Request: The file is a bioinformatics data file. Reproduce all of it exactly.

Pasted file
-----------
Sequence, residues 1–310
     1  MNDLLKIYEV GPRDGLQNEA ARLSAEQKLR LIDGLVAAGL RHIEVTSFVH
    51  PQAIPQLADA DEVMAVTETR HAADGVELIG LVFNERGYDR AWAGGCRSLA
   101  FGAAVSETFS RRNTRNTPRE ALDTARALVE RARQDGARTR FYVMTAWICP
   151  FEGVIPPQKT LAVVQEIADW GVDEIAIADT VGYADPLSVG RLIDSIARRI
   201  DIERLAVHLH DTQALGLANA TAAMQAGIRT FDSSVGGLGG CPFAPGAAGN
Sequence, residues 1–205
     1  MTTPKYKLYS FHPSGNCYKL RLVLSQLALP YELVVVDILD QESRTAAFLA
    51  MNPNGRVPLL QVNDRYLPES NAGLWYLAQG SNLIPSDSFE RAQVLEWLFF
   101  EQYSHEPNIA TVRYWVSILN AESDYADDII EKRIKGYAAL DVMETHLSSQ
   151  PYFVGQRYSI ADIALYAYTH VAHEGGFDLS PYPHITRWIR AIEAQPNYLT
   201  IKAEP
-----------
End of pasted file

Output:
Sequence, residues 1–310
     1  MNDLLKIYEV GPRDGLQNEA ARLSAEQKLR LIDGLVAAGL RHIEVTSFVH
    51  PQAIPQLADA DEVMAVTETR HAADGVELIG LVFNERGYDR AWAGGCRSLA
   101  FGAAVSETFS RRNTRNTPRE ALDTARALVE RARQDGARTR FYVMTAWICP
   151  FEGVIPPQKT LAVVQEIADW GVDEIAIADT VGYADPLSVG RLIDSIARRI
   201  DIERLAVHLH DTQALGLANA TAAMQAGIRT FDSSVGGLGG CPFAPGAAGN
Sequence, residues 1–205
     1  MTTPKYKLYS FHPSGNCYKL RLVLSQLALP YELVVVDILD QESRTAAFLA
    51  MNPNGRVPLL QVNDRYLPES NAGLWYLAQG SNLIPSDSFE RAQVLEWLFF
   101  EQYSHEPNIA TVRYWVSILN AESDYADDII EKRIKGYAAL DVMETHLSSQ
   151  PYFVGQRYSI ADIALYAYTH VAHEGGFDLS PYPHITRWIR AIEAQPNYLT
   201  IKAEP